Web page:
"MA" transistor markings for ANH Obi Wan Kenobi's Llightsaber

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ATL Kenobi

Sr Member
I've been asked a couple of times to re-post my explanation of the markings on the transistors used as "buttons" on the ANH OWK lightsaber. FWIW- here's my post from April 2006:

As I’ve mentioned, I’m an electrical engineer and I’ve been specifying semiconductors (transistors) since 1980. I became interested in replicating an OWK ANH saber in mid-October of 2005, an exciting time for parts identification. I was intrigued by the revelation that the 2 “control buttons” had been identified as TO-39 cased transistors (TO – transistor outline).

James Kenobi had an interesting RPF post where he showed close ups of the two transistors.

James image.png Pic originally posted by James Kenobi.

He also overlaid, at an angle, the logo for NEC (Nippon Electric Corp). When I first saw that composite, it seemed that NEC was probably the correct manufacturer. However, the more I thought about it, the more questions arose. The first thing I considered was the angled logo. Semiconductor manufactures are very protective of there logos. Their marketing departments go to great lengths to develop an easily recognizable image, that’s then trade marked and copyrighted. See http://www.elnec.com/iclogos_l.php . Also, after researching several new and old transistor databooks, I could not find any NEC manufactured device that began with “MA”, so I decided to rule out NEC.

Looking at the transistor on the left, it does sort of appear that the logo looks like an “N” followed by a subscript “2”. As far as I’ve been able to find out, there’s never been a logo of this style, and none of the known manufacturers that did use a stylized “N”, had a logo that looked like that.

After studying the transistor that’s a little more legible, it seems apparent to me that the right edge is severely damaged and that the markings have been scuffed. Transistors markings of that era were either rubber stamped or screened with ink. Looking closely at the image, it seems as if there’s a streak across the logo (see the blue line on the picture below).

vintage MA909.png

I concluded that the transistor could very likely be a Motorola device. I found a 1969 Motorola databook and, low and behold, there was a whole series of TO-5 cased transistors that start with “MA”. TO-5 and TO-39 are the same case size, but the TO-5 leads are an inch longer. The actual transistor shown here is an MA909. Note the similarity in the fonts. The 552 is a date code, probably signifying the 52nd week of 1965 or possibly 1975. The date code on the originals is completely obliterated.

I can’t adequately explain what many have taken to be a “2” beneath the logo. This seems to appear in both original transistor images. I highly suspect that it’s simply a triangular shaped stamping artifact from a worn stamping mechanism and not relevant to the logo itself. I’m hoping that if more original transistors of the series can be found, one will have a similar defect.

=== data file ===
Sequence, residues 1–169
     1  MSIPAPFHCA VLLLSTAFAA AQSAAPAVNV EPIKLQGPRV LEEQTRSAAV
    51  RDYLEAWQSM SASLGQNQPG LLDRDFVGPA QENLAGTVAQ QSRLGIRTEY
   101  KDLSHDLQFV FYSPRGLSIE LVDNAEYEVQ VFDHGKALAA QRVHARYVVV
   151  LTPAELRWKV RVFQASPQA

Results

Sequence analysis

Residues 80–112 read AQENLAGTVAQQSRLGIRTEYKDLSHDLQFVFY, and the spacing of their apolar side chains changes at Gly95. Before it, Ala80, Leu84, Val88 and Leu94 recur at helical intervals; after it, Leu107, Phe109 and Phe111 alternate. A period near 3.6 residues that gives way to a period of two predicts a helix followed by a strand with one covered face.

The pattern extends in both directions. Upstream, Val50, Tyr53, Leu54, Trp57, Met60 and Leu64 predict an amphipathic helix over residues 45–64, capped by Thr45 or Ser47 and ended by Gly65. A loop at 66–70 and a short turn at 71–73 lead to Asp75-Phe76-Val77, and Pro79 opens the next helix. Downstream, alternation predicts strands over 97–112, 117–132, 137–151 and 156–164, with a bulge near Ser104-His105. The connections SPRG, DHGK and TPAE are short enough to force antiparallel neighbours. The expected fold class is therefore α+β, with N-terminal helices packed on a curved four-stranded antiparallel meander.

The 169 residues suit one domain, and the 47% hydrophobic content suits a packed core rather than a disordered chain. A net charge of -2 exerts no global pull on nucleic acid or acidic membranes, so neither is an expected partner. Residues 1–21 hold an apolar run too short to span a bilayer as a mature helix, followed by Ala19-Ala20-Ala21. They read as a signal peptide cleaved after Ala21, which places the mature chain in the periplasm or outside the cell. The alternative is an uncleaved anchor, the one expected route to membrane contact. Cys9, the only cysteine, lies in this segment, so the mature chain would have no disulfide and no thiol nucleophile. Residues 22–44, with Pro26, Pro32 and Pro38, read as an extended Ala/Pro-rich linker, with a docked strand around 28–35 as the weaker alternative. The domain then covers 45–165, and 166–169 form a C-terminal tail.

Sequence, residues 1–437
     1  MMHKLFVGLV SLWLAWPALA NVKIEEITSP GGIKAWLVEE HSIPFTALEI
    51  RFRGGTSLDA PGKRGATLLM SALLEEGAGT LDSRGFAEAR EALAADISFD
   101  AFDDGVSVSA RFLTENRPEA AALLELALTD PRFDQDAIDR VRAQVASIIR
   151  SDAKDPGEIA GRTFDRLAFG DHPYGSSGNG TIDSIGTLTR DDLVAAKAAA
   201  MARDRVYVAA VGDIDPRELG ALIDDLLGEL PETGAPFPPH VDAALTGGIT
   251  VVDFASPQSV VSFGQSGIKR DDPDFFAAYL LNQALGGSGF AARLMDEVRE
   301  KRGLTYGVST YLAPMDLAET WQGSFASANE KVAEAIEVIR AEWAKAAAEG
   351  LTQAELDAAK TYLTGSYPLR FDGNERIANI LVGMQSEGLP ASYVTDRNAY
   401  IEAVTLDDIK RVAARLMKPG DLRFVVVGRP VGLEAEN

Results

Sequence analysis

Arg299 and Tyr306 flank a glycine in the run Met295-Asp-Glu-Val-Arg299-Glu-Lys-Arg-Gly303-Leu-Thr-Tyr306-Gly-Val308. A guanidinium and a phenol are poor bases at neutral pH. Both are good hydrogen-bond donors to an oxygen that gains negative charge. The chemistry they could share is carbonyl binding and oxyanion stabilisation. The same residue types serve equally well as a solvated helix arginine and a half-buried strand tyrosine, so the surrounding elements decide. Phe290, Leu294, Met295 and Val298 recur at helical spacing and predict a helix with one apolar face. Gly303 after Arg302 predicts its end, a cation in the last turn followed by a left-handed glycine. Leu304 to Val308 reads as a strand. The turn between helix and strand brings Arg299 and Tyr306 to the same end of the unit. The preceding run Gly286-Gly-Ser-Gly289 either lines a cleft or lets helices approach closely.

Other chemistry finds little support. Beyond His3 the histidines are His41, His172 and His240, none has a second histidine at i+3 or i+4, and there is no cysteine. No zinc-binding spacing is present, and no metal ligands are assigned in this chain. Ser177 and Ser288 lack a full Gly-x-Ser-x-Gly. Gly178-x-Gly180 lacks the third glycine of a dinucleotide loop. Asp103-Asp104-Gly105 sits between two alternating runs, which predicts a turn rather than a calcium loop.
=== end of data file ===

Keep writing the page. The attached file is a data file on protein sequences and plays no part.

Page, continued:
There were many transistors (now obsolete) in that original “MA” series. Their part numbers were:
MA100, MA101,
MA112 through MA117,
MA200 through MA206,
MA286 through MA288,
MA881 through MA889,
MA909, MA910.
Since the numbers on the prop transistors are totally unreadable, any two of the above could have been what was used.

This is the original datasheet:
MA100 data sheet.jpg

-END of original post.-

My "all original" saber has only one vintage "MA" marked transistor. The other one does have the "MA" markings and is a Motorola device, but it's much newer. For my cut-away saber and my Roman's AFBB saber, I just used generic devices.

ATL Kenobi
 

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thd9791

Master Member
RPF PREMIUM MEMBER
Hey thanks for this! That triangular artifact has bothered me for ages...but hearing about how the logos were put on put me slightly at ease haha it's also great to hear all this info form someone in the field.
 

thd9791

Master Member
RPF PREMIUM MEMBER
I'd like to add some photos expressing the awkward inconsistencies of stamping mechanisms back in the day!

The first one has a gap between lines, second a much simpler Motorola logo that could be mistaken for an N or A, Third a blunted, misprinted logo, and fourth a staggered print.


Screen shot 2014-10-17 at 11.34.02 PM.pngScreen shot 2014-10-17 at 11.35.05 PM.pngScreen shot 2014-10-17 at 11.35.30 PM.pngScreen shot 2014-10-17 at 11.37.06 PM.png
 

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spoudastis

Well-Known Member
RPF PREMIUM MEMBER
Great post, seems to me to be pretty definitive. Used this advice to buy by MA's and am very happy with them.
 

ATL Kenobi

Sr Member
thd9791 Thanks for posting the pictures showing the inconsistencies! It's one more piece of the puzzle.... :)

ATL
 

thd9791

Master Member
RPF PREMIUM MEMBER
Absolutely, I was happy to see this myself.

Where are people locating specific vintage electronic components?
 

ATL Kenobi

Sr Member
Of course this was years ago, but the MA909 pictured above I found on eBay after searching daily for months. I believe I searched with the key words TRANSISTOR, GERMANIUM, and MA*. (Not sure you can even use wildcard searches anymore). The other "MA" I found was an MA205 which was basically the same search but through Google. A vendor selling obsolete semiconductors had them.